Rabbi Berel WeinRabbi Berel Wein is a noted scholar, historian, speaker and educator, admired the world over for his audio tapes/CDs, videos and books, particularly on Jewish history.
In the highly charged urban setting in which most of us currently live, there always is background noise in our lives. Traffic, honking horns, noisy pedestrians, exuberant children, strange and mostly unintelligible public announcements blared from automobiles with public address systems…. are all omnipresent.
There was a period of time here in Israel when we were a much smaller country and population, and when Jerusalem rolled up its streets at about 9:30 PM and quiet reigned supreme until dawn. Not so anymore. Though we are not quite the city that never sleeps, as is the dubious (in my opinion) description of other larger major cities throughout the world – Jerusalem is anything but a quiet place for most of the night and certainly for all of the daylight hours.
Since the rarified air of Jerusalem somehow conducts sound ably and distantly, the noise of far distant weddings being boisterously celebrated often finds its way into my bedroom as I am attempting to fall asleep. In truth, I have become adjusted to living with constant background noise in my life. This was one of the adjustments that I had to make in moving to the urban environment of Jerusalem from the pastoral and semi-rural environment of Monsey, New York.
But even in quiet Monsey, I always operated with background noise, mostly of my own volition and choice. I always listened to classical music while writing my articles and books. I still do so today. In fact, as I am writing this article I am listening to a flute concerto composed by Georges Telemann as background music. Background sound has become such an integral part of my life that I find it difficult to function well in complete silence. We humans are strange creatures.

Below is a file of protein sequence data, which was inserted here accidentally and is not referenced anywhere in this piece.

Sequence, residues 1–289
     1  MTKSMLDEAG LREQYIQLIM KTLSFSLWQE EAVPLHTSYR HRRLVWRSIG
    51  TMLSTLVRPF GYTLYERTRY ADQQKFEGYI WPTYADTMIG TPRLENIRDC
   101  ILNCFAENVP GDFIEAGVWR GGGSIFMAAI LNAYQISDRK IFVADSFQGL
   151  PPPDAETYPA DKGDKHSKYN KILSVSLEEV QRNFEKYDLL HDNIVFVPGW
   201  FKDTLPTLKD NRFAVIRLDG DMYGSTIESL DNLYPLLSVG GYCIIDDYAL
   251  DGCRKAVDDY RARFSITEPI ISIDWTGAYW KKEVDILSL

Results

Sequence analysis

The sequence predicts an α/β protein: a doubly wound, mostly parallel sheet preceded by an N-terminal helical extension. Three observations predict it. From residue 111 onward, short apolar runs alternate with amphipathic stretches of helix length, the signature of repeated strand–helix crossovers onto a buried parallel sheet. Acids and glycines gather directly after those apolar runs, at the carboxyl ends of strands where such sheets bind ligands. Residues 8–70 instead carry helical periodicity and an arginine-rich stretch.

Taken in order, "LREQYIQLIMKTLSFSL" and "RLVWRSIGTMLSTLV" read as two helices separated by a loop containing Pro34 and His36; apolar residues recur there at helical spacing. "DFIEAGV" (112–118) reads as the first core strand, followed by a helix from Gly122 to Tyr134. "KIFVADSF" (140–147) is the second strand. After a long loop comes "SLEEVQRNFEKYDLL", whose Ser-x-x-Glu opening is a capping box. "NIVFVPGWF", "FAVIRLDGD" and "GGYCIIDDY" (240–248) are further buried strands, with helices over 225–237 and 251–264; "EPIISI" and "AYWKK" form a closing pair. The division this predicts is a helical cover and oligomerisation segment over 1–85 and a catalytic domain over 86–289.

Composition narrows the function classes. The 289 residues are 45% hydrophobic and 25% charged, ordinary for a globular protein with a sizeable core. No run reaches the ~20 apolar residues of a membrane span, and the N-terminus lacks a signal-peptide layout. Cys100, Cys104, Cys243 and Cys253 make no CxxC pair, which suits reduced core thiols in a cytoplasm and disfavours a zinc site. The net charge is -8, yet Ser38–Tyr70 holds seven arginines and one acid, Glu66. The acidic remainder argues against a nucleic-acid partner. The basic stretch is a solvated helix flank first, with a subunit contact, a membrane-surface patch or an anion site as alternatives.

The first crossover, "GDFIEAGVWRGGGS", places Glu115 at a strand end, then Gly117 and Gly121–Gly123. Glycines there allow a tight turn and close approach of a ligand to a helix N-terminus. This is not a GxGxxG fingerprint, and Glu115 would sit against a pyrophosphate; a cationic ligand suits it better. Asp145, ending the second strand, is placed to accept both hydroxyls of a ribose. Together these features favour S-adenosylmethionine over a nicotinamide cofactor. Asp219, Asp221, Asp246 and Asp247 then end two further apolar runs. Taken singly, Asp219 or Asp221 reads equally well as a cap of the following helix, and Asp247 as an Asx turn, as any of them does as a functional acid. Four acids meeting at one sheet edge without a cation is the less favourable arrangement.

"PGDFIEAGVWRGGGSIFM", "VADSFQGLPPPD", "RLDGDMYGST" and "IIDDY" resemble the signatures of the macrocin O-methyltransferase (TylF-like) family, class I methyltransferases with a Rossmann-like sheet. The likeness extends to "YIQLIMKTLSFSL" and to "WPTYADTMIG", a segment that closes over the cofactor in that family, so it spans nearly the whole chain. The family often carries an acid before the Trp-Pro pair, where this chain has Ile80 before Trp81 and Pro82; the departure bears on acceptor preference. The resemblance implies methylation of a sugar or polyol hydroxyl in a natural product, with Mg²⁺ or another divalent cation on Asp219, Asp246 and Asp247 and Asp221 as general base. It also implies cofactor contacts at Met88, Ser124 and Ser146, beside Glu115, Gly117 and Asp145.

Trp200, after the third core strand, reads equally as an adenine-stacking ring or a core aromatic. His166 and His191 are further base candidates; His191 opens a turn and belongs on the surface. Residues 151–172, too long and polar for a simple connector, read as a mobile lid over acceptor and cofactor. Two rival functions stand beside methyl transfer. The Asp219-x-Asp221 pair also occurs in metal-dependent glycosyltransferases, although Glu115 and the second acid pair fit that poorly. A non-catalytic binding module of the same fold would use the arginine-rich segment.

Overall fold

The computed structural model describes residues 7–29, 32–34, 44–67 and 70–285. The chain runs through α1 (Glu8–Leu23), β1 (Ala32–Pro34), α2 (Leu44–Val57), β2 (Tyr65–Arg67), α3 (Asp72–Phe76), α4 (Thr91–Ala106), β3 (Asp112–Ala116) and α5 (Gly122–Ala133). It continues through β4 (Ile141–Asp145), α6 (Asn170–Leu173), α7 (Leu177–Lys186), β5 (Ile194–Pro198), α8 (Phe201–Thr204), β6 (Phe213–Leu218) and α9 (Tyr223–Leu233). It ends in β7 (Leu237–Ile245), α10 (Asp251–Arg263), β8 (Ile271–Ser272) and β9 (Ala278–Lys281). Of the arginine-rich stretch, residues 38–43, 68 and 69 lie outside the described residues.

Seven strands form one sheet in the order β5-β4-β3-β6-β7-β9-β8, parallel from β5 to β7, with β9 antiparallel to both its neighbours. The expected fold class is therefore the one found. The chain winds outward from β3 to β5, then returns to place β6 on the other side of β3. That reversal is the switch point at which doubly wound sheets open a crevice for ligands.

During my years of Talmud study at the yeshiva in Chicago, the major part of the learning day was spent in the study hall where over a hundred young men at a time studied, debated and argued with each other at high volume and loud frequency. On the other hand the library room of the yeshiva was an island of tranquility and absolute silence enforced by a most capable but periodically stern librarian,
Yet try as I did on many occasions, I was unable to study well in the quiet library room while I acclimated myself quite well in the noisy quarrelsome study hall. I think that it was this experience that influenced my penchant for background noise even today whenever I write or prepare for a public presentation.
As far as I am concerned, a reasonable volume of background noise sharpens the senses and helps focus one’s mind and thoughts. At least it does so for me, hence the background flute concerto music wafting through the confines of my room as I write this article. The concerto is probably much more timeless than is this article but no matter. I think that background noise is very important in everyone’s life whether we truly notice or realize it.
The Talmud also refers to the presence of constant sounds in our lives as Jews. Every day there are recurrent echoes from Mount Sinai that goad and provoke us to improve and honor Torah and Jewish tradition. The customs and simple acts that constitute the Jewish way of life – thrice-daily prayer, charitable acts of kindness and consideration towards others, regular Torah study, etc. – are all the factors that compose the sounds of our lives.
In one of the films produced by Destiny Foundation I pointed out the importance of background music in a film. Without the background themes the film is dull and uninspiring. Even at the beginning of the last century, in the days of silent films, all of the movie houses engaged a pianist to provide a musical backdrop for the film.
The Torah also requires a background to make it meaningful and memorable in our individual lives. The Torah calls itself a song, a melody, and not only a set of laws and disciplines. Without hearing this background music, the Torah also becomes dull and lacks its natural verve and vibrancy. That is why the rabbis insisted that Jews feel the freshness and renewal of excitement and novelty regarding Torah every new day of their lives.
The Torah must be today and not merely yesterday. As such, it requires a strong and insistent background melody to carry it into the hearts, minds and actions of Jews at all times and in all places. And that makes background sounds a matter of holiness and eternity and not just noise.